since then, the diaspora of afghan families to the west has had its share of very remarkable and tragic stories. Stories such as Waheeda’s are a just a sign of what earlier generation Afghans had to go through at onset of war and the hard work and sacrifice that both parent and child invested thereafter in order to achieve some of their life goals.

    tamim

  3. Middle Ground

    October 5, 2010 at 12:19 PM

    Salam

    Any Afghani with any sense of decency, after reading this, would never raise a gun to another muslim again.

    • Mansoor Ansari

      October 5, 2010 at 3:13 PM

      totally didn’t understand how ur comment is related to this story!

      • Middle Ground

        October 5, 2010 at 3:49 PM

        Salam

        This part:

        Sometimes he’ll tell me about his college days, about an Afghanistan I have never known and very few people would believe ever existed.

        “In the College of Engineering, there was this lecture hall, with seats for 1,000 students,” his says as eyes begin to get bigger. “At the end of the lecture, the seats would move. The whole auditorium would shift as you spun along the diameter. The engineering of the building itself was very interesting.” He continues to describe the construction details, then sighs. “I wonder if it’s still around?”

        There is a pause. For 25 years I have tried to fill that silence, but I have never quite figured out what to say. I guess silence goes best there. He is the next one to speak. “You see, even your old-aged father was once part of something important.”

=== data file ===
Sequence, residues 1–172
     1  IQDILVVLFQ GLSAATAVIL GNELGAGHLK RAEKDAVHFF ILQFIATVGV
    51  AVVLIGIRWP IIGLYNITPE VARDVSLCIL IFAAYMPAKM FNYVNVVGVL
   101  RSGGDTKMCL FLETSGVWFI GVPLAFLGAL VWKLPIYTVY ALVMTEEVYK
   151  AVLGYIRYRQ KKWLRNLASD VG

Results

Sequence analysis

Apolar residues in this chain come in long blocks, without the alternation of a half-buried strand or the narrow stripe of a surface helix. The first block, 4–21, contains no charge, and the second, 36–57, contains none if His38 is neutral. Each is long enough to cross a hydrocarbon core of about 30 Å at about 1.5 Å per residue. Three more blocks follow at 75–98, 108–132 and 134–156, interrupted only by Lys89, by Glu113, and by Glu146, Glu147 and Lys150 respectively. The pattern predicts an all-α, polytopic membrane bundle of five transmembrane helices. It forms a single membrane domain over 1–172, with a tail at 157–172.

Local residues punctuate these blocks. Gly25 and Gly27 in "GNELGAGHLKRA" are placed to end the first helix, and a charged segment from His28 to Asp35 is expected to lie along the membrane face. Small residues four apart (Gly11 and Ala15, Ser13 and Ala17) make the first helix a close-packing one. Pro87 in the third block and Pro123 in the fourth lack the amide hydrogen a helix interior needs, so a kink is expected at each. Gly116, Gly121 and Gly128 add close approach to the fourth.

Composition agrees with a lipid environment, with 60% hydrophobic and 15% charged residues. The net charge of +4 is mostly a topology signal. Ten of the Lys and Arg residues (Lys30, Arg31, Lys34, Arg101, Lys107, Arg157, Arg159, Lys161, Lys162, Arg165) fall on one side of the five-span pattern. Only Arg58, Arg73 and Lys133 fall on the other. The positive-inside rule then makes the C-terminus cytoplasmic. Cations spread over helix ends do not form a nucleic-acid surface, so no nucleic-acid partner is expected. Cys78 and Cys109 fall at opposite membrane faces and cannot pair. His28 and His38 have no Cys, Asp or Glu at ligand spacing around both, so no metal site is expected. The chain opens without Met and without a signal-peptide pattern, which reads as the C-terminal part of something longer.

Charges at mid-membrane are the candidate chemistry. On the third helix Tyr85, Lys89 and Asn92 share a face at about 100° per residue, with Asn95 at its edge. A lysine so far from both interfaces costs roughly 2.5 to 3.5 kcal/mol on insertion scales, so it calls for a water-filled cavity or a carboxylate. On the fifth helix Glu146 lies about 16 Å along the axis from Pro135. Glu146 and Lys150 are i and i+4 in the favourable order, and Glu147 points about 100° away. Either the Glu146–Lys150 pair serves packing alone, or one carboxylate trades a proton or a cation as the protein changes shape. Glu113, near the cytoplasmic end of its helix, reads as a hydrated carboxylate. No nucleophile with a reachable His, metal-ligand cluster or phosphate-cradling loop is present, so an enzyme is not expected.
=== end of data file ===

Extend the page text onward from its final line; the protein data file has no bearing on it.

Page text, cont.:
4. Farhan

    October 5, 2010 at 8:18 PM

    When Muslim men reach a certain age and the years of their ibadah and devotion begin to show on them, and they dress in their traditional garments, whatever that happens to me, there’s something awing about their face and appearance. I never claimed to see noor in a person’s face, because I don’t know what to look for. But, this must be it.

  5. SA

    October 5, 2010 at 11:14 PM

    Subhanallah the article brought tears to my eyes. May everyone be blessed with such amazing fathers!

  6. U

    July 10, 2011 at 7:24 PM

    There are many quick answers btw to the hijab q.